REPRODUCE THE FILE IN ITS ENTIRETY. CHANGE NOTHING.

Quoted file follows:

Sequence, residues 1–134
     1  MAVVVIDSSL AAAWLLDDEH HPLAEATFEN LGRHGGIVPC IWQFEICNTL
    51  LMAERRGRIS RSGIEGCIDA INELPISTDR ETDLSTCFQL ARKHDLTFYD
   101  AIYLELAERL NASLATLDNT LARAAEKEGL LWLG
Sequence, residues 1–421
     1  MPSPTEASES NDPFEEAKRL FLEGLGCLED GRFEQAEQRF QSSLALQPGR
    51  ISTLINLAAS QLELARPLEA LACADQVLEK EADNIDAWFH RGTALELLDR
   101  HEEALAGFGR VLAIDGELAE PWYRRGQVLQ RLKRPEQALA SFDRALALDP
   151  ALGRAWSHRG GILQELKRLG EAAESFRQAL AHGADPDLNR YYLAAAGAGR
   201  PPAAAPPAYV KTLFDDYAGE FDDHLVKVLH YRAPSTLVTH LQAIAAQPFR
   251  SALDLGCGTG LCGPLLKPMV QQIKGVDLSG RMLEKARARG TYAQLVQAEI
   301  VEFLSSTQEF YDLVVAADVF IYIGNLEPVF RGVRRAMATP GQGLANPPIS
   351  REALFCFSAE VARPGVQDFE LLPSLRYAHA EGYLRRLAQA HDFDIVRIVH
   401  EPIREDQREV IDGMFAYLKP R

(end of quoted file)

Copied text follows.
Sequence, residues 1–134
     1  MAVVVIDSSL AAAWLLDDEH HPLAEATFEN LGRHGGIVPC IWQFEICNTL
    51  LMAERRGRIS RSGIEGCIDA INELPISTDR ETDLSTCFQL ARKHDLTFYD
   101  AIYLELAERL NASLATLDNT LARAAEKEGL LWLG
Sequence, residues 1–421
     1  MPSPTEASES NDPFEEAKRL FLEGLGCLED GRFEQAEQRF QSSLALQPGR
    51  ISTLINLAAS QLELARPLEA LACADQVLEK EADNIDAWFH RGTALELLDR
   101  HEEALAGFGR VLAIDGELAE PWYRRGQVLQ RLKRPEQALA SFDRALALDP
   151  ALGRAWSHRG GILQELKRLG EAAESFRQAL AHGADPDLNR YYLAAAGAGR
   201  PPAAAPPAYV KTLFDDYAGE FDDHLVKVLH YRAPSTLVTH LQAIAAQPFR
   251  SALDLGCGTG LCGPLLKPMV QQIKGVDLSG RMLEKARARG TYAQLVQAEI
   301  VEFLSSTQEF YDLVVAADVF IYIGNLEPVF RGVRRAMATP GQGLANPPIS
   351  REALFCFSAE VARPGVQDFE LLPSLRYAHA EGYLRRLAQA HDFDIVRIVH
   401  EPIREDQREV IDGMFAYLKP R